Durov posted the following message to his channel this morning...
Telegram Web provides an extraordinary experience on desktops, but it also works great on mobile devices. It is prevented, however, from reaching native-app-level quality on iOS, because Apple limits web developers in terms of what they can do on iPhones and iPads.
In April, the developer of Telegram Web shared a 10-point list of issues in the iOS Safari browser that Apple has been unwilling to fix or improve for years (check it here for technical details). Other developers have even complained that Apple's Safari is killing the web.
We suspect that Apple may be intentionally crippling its web apps to force its users to download more native apps where Apple is able to charge its 30% commission (I wrote about why it is harmful here).
Fortunately, regulators have started to realise what is going on. This week, the Competition and Markets Authority (CMA), a UK regulator, concluded:
"Apple bans alternatives to its own browser engine on its mobile devices; a restriction that is unique to Apple. The CMA is concerned this severely limits the potential for rival browsers to differentiate themselves from Safari (for example, on features such as speed and functionality) and limits Apple’s incentives to invest in its browser engine.
This restriction also seriously inhibits the capability of web apps – apps that run on a browser rather than having to be individually downloaded – depriving consumers and businesses of the full benefits of this innovative technology."
I think it's an accurate summary and hope that regulatory action will follow soon. It's sad that, more than ten years after Steve Job's death, a company that once revolutionized mobile web turned into its most significant roadblock.
Here's the post sharing some of the concerns that Telegram has with mobile Safari...
Does Apple intentionally prevent Safari from being a modern browser?
Modern web sites can replace apps. In theory. In practice, they are limited by what web browsers allow them to do. On iOS, Apple doesn't give its users the freedom to choose a web browser that supports feature-rich web apps.
On iOS and iPadOS, you can only use Safari. Although you can download other browsers, inside they will still be Safari (WebKit), because Apple doesn't allow real competition here. Safari (WebKit) used to be great 15 years ago, but today it provides arguably the worst web browsing experience on mobile. Why?
PART I (MOBILE SAFARI)
1. Push Notifications.
2. Text Field.
Safari automatically scrolls the page after tapping a text field, in order to center it – completely ignoring the interface layout. The devs have no way to tune or adjust it.
3. Context Menu Problems.
The developers have to use a special delay after a touch gesture, so the system can show the context menu. There is no unified method for this in Safari. Apple occasionally breaks it with OS updates.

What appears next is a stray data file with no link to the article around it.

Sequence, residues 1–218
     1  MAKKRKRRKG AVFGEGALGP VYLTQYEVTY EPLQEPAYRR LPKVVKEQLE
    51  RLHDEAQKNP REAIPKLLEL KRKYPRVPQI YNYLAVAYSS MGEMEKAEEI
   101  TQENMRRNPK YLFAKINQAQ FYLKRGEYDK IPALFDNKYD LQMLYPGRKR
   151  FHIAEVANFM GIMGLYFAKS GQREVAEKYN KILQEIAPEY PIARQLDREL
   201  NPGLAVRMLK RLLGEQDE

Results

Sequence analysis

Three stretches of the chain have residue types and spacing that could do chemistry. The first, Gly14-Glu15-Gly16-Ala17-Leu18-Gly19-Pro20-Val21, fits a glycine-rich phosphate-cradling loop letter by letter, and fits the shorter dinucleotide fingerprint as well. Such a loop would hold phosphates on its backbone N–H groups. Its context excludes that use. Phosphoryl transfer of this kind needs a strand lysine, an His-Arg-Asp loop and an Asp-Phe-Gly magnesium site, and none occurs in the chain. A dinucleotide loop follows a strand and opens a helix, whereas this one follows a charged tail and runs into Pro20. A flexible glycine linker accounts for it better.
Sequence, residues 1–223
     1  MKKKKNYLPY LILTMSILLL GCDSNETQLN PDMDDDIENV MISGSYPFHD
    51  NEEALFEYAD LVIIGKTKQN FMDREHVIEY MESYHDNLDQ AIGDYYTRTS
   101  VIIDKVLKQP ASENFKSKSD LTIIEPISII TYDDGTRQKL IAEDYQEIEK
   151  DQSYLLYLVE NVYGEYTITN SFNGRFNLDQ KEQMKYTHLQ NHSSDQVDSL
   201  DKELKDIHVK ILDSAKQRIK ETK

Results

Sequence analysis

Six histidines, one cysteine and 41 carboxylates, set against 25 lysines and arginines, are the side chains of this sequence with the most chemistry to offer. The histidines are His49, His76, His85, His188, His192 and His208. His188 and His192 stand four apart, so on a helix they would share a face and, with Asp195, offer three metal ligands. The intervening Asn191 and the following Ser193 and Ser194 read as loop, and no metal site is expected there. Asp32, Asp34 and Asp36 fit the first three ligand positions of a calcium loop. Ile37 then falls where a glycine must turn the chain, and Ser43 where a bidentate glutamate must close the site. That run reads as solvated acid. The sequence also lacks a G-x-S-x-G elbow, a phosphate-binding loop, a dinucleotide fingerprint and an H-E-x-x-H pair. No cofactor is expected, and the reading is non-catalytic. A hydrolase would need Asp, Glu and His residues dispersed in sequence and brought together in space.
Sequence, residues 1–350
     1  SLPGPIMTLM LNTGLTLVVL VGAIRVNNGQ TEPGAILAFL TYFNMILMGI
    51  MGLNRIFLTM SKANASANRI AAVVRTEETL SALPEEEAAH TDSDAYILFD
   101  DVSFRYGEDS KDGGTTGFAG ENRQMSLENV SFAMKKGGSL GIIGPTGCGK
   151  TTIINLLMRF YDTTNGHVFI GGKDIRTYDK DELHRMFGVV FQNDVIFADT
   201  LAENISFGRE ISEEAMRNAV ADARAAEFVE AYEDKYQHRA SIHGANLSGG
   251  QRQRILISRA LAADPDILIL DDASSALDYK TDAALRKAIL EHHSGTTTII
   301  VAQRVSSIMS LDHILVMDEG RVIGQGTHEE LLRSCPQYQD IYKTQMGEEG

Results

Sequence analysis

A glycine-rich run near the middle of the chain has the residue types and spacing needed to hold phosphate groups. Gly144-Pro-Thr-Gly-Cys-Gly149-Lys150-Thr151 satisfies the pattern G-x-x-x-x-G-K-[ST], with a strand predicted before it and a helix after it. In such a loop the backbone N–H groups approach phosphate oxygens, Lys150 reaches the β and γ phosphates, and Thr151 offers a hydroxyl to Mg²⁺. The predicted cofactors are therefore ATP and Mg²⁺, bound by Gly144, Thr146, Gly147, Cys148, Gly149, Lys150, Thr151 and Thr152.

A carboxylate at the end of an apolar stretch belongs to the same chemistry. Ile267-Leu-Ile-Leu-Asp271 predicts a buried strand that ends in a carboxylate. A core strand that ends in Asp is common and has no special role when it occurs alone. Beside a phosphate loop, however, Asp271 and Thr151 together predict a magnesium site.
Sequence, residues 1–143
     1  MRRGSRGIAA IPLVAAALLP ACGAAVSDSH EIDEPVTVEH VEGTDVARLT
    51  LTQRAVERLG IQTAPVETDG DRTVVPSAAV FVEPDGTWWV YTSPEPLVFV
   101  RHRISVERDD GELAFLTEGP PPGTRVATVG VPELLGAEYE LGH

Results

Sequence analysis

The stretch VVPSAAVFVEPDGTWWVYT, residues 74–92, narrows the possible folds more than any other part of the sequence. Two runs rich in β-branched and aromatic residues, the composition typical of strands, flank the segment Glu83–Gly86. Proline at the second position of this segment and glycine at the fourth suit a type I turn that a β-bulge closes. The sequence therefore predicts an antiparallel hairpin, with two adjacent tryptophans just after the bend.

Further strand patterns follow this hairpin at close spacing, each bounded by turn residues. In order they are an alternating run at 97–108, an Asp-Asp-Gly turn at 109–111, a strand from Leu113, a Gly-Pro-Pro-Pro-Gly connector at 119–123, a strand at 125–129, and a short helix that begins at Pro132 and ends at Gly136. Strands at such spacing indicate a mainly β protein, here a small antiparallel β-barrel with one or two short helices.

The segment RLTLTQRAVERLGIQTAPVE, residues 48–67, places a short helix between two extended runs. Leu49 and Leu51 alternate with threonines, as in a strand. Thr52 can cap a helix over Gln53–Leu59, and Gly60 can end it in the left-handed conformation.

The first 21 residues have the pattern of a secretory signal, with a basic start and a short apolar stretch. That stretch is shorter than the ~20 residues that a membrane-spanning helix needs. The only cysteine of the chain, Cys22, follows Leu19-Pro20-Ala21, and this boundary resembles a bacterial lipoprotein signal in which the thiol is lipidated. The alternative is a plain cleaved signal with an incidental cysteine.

4. Random Reloading.
Safari tends to refresh the page automatically when zooming on videos or scrolling through a lot of content – interrupting the user and resetting their position.
1. Unsupported Video Stickers (WebM).
Sadly, Safari users cannot enjoy them because of missing support for VP8 & VP9 codecs (though these are supported by WebRTC in the same browser). The WebK app is currently about 650 KB – which is enough to contain all the app's features. Some potential workarounds would require downloading an extra 2 MB just to make video stickers playable.
2. No Opus Support.
Opus is an audio file format used by all Telegram mobile and desktop apps for voice messages. It provides solid audio quality while being extremely lightweight. WebK uses a wasm-based module to convert .opus to .wav format, so Safari can play them natively.
3. No Shared Workers.
Technically, a worker is a script running in the background. WebK uses a dedicated worker to pack both the network and encryption tasks into a single stream. A shared worker would work outside a single tab, allowing you to use the app in multiple tabs or browser windows simultaneously – which Safari, again, does not support.
4. Essential Methods Missing.
Among them, we can mention requestIdleCallback. This method queues a performable function that requires many resources – so it can continue later from the paused state once the browser detects the user is idle. Chrome and Firefox both have it.
5. Visual Artifacts.
These occasionally appear because Safari fails to handle multilayer web apps with complex animations. Due to this, the implementation of message reactions had to be significantly simplified.
6. Blur Effects.
Safari applies these layers much slower than other browsers, despite blur effects being a major part of iOS design.
7. Smooth Scrolling.
It is impossible to implement a smooth scrolling animation. Safari caps the refresh rate at a choppy 30 FPS, which is especially noticeable on 120Hz devices. You may notice this when jumping to the original message from replies, tapping pinned messages, and scrolling to the end of a chat using the ⬇️ button.
Many of these features are easy to implement, and have in fact been integrated in browsers on other platforms (such as Chrome on Android). Apple is definitely capable of doing the same, but chose to cripple its Web experience to push users into downloading native apps, where it can charge 30% of every app purchase.
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